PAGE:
On the face of it, creating a Kingdom of Golf might not seem like a crucial thing for a morally challenged monarchy to do. After all, golf isn’t exactly a charity or a social justice campaign that’s likely to signal your virtue. It’s just a game whose players use sticks to swat little balls into holes in the ground while strolling around. It’s not even good exercise and far less so if you’re driving the course in a motorized cart or hire a caddie to carry your sticks. And it gets worse. After all, the irrigation water and poisonous chemicals necessary to keep the playing fields luxuriantly green at all times are abetting ecological disaster.

Golf symbolized reactionary greed even before the Saudis entered the picture. For starters, its competitors are among the only professional athletes ranked purely by the cash prizes they’ve won. And the leading golfers invariably earn far more from endorsements and speaking engagements. The sport’s almost comic upper-class snootiness sometimes seems like an orchestrated distraction from the profound racism, sexism, and anti-Semitism lodged in its history and, even today, the discrimination against women that still exists at so many of the leading country clubs that sustain the game.

Golf has long been retrograde, exclusionary, and money-obsessed. To put that in perspective, the estimated revenue of the Professional Golf Association in 2019 was $1.5 billion — and it boasts a non-profit status that’s sometimes been questioned. Lucrative as it is, it also proved distinctly vulnerable to an attack by an oil-soaked autocracy that, in warming up to invade golf, had already invested in Formula One racing, e-sports, wrestling, and its most recent controversial purchase, a British Premier League soccer team (which provoked protests from fans and Amnesty International).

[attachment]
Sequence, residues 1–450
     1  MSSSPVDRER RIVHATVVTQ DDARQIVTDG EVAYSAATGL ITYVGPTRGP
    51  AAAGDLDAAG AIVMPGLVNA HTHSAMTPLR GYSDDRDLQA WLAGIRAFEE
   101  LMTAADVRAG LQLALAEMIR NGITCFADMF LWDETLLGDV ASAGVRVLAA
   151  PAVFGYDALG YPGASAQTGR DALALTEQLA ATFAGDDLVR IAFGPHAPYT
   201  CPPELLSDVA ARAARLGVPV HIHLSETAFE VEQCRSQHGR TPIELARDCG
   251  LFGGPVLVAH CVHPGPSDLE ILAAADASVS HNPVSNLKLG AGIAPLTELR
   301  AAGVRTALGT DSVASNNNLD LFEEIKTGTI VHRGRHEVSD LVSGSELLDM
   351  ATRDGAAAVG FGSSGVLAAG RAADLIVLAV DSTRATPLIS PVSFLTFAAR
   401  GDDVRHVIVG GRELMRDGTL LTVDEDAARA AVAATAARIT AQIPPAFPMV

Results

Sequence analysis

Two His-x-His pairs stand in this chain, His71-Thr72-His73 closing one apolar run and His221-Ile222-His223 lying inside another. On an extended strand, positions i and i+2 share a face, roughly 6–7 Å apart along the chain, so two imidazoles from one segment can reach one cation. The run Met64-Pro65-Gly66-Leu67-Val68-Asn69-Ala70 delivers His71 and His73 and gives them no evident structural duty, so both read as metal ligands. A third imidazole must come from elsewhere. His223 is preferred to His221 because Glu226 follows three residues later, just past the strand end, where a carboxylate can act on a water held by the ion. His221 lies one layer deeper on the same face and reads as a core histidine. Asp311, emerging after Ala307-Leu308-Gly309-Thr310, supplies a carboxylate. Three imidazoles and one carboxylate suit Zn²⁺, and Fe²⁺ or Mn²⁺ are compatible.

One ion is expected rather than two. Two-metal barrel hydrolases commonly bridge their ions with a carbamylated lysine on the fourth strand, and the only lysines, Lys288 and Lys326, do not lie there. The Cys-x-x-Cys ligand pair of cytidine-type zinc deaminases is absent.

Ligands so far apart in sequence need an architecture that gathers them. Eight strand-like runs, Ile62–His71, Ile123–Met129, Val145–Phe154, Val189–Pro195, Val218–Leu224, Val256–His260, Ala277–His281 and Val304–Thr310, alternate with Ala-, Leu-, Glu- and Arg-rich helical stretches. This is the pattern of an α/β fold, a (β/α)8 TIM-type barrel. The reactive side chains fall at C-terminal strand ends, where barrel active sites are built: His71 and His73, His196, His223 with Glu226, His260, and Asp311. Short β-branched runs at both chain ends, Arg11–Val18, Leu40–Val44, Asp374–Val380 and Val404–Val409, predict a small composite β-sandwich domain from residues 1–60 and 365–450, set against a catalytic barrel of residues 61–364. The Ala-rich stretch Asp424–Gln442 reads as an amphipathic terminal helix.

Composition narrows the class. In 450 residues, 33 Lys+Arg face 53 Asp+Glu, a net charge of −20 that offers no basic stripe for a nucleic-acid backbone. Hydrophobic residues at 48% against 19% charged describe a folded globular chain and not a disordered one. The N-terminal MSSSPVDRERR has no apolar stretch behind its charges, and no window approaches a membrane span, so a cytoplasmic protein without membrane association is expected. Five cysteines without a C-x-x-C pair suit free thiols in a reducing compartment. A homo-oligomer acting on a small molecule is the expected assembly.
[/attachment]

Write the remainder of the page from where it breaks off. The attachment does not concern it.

Still, the Saudis’ move on golf was even bolder, more ambitious, and somehow almost ordained to happen.

Unlike football and baseball, which are convenient amalgams of socialism for the owners (in their collusive cooperation) and dog-eat-dog capitalism for the players and other personnel, golf is more of a monarchy along the lines of, um, Saudi Arabia. Until the LIV Tour came along, the main PGA tour, that sport’s equivalent of the major leagues, had been all-powerful in its control over both golfers and venues.

Over the years, golfers have indeed complained about that, but except for Greg Norman, a 67-year-old Australian former champion, not too loudly. Now a highly successful clothing and golf-course-design entrepreneur, Norman is called the Great White Shark for his looks and aggressive style. No wonder he’s now the CEO of LIV Golf and the ringleader of the campaign to recruit the top pros to play in the breakaway tour.

Norman denies that he answers to the crown prince, but his attempts to distance himself from that ruthless Saudi ruler are not taken seriously by most observers of golf, including the Washington Post’s Sally Jenkins, who wrote:

“Let’s be frank. LIV Golf is nothing more than a vanity project for Norman and his insatiable materialism — and an exhibition-money scam for early-retiree divas who are terrified of having to fly commercial again someday. By the way, the supposed hundreds of millions in guaranteed contracts for a handful of stars — has anyone seen the actual written terms, the details of what Phil Mickelson and Dustin Johnson will have to do to collect that blood-spattered coin, or is everyone just taking the word of Norman and a few agents trying to whip up commissions that it’s all free ice cream?”

One of the best sports columnists, Jenkins may seem excessive in her attack on Norman, but the passions that golf and Saudi Arabia have raised separately only increase in tandem. On the one hand, there’s the outrage when it comes to Saudi Arabia’s murderous human-rights abuses and Washington’s continuing complicity with the regime, thanks in particular to its ongoing massive arms sales to that country. (The latest of those deals, largely Patriot missiles sold to that country for $3 billion, feels distinctly like a kind of bribery.)